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Celebrating the 25th Anniversary of Playwrights' Week

Lark News
A black and white photo of Andrea Hiebler sitting in a chair with her hands held up in confusion.
Photo by Karin Shook

In the spirit of our 25th Annual Playwrights’ Week, I figured it’d only be fitting to interview our lovely office jokester, the Director of Scouting and Submissions, the one and only, Andrea Hiebler! For those who are new to The Lark, Playwrights’ Week is an annual, intensive, seven-day festival designed to foster a peer-based community among a cohort of writers with new work in development. The five playwrights selected are provided with crucial creative resources, which includes a series of group conversations around their work, and a staged reading open to the public. Sounds like a lot of work doesn’t it? That’s why we’re honored to have someone like Andrea on our team. She first joined us at The Lark in the summer of 2006 as an intern. She then served as the Literary Associate for Playwrights’ Week before becoming a full-time member of the artistic team in 2009. She now manages multiple submission and fellowship selection processes, program goal setting and assessments as well as writer scouting and tracking. It goes without saying, but without Andrea, Playwrights’ Week would not be the exciting and successful event that it is for playwrights from all over the world. So without further ado, here I present to you the inside scoop of the celebratory week that is Playwrights’ Week through the eyes of Andrea Hiebler!


How has Playwrights' Week evolved over the course of 25 years?

It's mind-boggling to me that I've been around in various capacities for nearly half of Lark's Playwrights' Weeks. It was during my first year with the program that it switched from an annual summer to fall event. So I have always associated it with a back to school, season opener type of vibe while it used to be more of a culmination to the year. The week has evolved in quintessential Lark spirit as an ongoing experiment. Pieces both large and small have been adjusted each time around, whether it be the configuration of the selection process, or the widely varying amount of plays selected, or the structure of the events of the week itself according to feedback from the writers. We have shifted from committing the federal crime of hoarding postal bins full of mailed hard copy scripts to a different beast altogether in e-submissions. At the heart of the program remains a commitment to providing open access and an artistic process driven by the writer's self-stated goals for a piece, with the communal aim of placing those writers and plays in conversation with one another, as well as a larger audience.

What's your favorite part of Playwrights' Week?

By saying this, I'm not saying "the end," but the energy of exhausted contentment as the group gathers for the assessment brunch the morning after the last reading of the week is so palpable every year. Most of the writers arrive as strangers or acquaintances and over the compressed course of seven to ten days, they become deeply invested in and wonderful advocates for each other's work. As the writers reflect on their own processes and those of their peers, it becomes clear just how much work gets accomplished and how quickly bonds can form among the cohort. By the time things wind down and the mimosas are finished, everyone is hugging goodbye and promising to write like it's the last day of summer camp.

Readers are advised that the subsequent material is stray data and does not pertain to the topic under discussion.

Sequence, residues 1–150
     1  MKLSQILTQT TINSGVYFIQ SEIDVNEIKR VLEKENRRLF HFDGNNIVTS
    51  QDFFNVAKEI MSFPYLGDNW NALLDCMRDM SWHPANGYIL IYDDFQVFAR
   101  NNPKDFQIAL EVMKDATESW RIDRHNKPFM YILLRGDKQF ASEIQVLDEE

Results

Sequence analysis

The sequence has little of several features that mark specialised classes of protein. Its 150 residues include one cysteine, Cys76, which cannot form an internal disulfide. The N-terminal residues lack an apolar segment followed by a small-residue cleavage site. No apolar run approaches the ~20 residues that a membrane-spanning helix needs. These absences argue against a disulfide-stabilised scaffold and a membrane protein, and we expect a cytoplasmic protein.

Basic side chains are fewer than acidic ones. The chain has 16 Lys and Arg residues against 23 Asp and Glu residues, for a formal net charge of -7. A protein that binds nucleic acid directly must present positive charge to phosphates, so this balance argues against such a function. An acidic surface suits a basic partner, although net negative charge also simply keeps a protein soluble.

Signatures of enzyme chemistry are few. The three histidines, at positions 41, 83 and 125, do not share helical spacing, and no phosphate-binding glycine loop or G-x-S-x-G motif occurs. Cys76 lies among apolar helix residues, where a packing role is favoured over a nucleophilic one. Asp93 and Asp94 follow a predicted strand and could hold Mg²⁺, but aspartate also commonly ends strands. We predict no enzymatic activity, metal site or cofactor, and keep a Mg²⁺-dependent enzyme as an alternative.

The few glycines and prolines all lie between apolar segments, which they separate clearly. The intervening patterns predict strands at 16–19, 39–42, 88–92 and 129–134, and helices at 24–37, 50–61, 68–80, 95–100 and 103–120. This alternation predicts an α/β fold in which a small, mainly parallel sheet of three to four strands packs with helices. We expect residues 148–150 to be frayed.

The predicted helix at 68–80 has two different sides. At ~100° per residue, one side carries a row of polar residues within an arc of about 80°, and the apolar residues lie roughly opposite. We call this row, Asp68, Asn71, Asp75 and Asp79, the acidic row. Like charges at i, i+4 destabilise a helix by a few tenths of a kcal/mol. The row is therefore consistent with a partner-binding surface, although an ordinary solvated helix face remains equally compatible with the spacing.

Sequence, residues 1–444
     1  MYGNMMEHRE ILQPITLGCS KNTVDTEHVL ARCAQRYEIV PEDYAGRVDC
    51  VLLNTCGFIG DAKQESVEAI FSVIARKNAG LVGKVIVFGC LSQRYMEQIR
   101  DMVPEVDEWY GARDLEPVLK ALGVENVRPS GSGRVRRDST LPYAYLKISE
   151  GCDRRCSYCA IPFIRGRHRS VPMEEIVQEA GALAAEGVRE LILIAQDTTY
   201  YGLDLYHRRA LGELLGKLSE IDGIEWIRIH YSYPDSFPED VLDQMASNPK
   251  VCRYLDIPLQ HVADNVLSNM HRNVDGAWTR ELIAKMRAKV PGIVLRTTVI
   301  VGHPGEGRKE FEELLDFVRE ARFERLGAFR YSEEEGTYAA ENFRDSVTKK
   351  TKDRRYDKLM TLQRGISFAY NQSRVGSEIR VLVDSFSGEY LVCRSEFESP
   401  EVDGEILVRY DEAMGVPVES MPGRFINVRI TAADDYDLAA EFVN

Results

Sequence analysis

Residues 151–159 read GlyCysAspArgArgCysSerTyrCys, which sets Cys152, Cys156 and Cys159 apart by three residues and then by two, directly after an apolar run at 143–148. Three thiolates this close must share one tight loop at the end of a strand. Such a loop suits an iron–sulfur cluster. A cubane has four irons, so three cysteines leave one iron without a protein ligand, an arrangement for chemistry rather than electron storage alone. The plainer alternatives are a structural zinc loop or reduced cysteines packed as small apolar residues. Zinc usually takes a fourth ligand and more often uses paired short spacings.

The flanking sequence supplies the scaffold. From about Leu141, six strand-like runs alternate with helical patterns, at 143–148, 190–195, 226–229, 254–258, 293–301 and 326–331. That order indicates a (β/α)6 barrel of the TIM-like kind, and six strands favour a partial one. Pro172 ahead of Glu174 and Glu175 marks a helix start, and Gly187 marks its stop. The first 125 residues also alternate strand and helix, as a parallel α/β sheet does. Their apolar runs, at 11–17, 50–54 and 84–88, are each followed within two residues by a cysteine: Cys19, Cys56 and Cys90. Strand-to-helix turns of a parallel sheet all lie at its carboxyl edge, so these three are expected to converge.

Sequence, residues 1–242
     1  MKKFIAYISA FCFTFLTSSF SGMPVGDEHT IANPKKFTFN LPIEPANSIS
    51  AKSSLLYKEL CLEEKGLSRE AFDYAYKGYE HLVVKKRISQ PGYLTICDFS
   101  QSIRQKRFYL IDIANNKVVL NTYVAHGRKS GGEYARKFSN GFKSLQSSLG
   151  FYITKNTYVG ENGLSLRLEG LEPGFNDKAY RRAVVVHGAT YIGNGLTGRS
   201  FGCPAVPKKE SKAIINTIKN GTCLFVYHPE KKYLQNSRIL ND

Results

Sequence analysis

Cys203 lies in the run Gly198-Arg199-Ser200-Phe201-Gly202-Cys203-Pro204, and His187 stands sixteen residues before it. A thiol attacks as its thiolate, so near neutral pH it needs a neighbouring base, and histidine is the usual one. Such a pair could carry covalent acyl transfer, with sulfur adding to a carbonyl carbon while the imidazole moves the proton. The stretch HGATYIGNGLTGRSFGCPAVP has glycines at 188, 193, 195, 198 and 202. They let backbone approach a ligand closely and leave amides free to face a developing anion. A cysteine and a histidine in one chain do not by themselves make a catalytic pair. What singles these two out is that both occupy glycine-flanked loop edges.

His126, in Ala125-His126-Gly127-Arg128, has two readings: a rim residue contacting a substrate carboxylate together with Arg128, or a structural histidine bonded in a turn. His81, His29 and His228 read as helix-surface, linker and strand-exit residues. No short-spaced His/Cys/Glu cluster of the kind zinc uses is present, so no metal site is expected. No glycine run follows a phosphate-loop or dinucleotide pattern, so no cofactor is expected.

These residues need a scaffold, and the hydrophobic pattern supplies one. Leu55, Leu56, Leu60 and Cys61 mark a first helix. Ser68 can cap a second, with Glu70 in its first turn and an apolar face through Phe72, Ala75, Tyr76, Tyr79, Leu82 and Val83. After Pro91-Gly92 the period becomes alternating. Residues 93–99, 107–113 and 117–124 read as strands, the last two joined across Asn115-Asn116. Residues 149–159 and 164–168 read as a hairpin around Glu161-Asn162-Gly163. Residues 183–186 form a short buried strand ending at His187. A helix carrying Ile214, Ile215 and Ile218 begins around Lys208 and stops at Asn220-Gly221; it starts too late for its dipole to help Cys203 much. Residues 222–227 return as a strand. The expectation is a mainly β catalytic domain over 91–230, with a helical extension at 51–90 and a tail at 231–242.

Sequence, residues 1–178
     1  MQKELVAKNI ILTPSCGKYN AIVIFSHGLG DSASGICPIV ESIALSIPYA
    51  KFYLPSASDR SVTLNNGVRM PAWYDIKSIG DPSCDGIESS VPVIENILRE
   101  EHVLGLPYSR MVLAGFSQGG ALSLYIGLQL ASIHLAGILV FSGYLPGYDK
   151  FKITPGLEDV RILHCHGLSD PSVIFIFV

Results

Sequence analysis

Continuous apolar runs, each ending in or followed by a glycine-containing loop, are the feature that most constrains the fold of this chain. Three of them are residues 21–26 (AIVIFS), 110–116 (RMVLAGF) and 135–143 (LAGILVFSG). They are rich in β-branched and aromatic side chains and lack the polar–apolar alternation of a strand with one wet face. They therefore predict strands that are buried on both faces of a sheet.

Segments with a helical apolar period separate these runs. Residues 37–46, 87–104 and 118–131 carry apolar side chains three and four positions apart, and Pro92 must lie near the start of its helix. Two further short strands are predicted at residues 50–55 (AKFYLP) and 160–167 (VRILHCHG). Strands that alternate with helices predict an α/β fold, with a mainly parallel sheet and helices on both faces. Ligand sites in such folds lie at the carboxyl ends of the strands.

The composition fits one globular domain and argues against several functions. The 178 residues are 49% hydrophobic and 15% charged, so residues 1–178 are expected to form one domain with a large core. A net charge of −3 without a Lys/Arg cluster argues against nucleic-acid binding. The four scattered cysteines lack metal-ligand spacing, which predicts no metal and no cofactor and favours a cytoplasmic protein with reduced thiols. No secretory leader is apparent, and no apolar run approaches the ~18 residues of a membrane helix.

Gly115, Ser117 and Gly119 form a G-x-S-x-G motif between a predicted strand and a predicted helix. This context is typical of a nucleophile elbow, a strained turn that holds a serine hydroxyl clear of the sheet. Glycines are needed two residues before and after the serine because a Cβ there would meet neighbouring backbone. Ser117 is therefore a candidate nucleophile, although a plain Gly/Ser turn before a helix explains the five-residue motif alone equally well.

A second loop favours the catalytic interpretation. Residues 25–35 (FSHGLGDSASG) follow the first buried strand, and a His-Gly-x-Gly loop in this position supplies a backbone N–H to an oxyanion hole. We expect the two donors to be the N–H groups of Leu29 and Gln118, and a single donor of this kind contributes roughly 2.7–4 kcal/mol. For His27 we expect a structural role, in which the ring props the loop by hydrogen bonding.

What are some of your favorite memories from past Playwrights' Weeks?

Lots of late nights celebrating at Cancun, Rumours, Matt's Grill, House of Brews, and McGee's while we were uptown and then Robert Emmett's, Reunion, and Smith's in our current space. As you might have guessed, these are all bars. The "Meet the Writers" panels have provided such fascinating windows into the creative impulses behind each play's creation. Hearing playwrights read portions of their own work is a rare occurrence and consistent highlight of the week. And seeing all of the participating playwrights scattered throughout the audience of every public reading.

Do you ever notice any common themes among the plays that are chosen? Is there a way they all connect?

Totally! And often accidentally! It is readily apparent when looking at the entire submissions pool that there is something in the ether. The collective unconscious is on display both in terms of the writers writing and the readers reading plays. We rely on the "fierce advocacy" (a term coined by a past reader) for individual plays on the part of readers and then the curation of a diverse cohort during final selection. Although we're not intentionally going for an overarching theme, common threads that connect the selected plays often emerge. It might be reverse engineered dramaturgy, but the individual pieces do end up building a unique dialogue based on their shared inclusion in the week.


Did her answers intrigue you? How could they not! If you’re interested in attending our public readings, we hope you'll join us! Tickets for sold out readings often open up at the last minute, so be sure to swing by our box office half an hour prior to readings to get your name on the waitlist. Playwrights’ Week will take place from November 5-9. Can’t wait to see you there!

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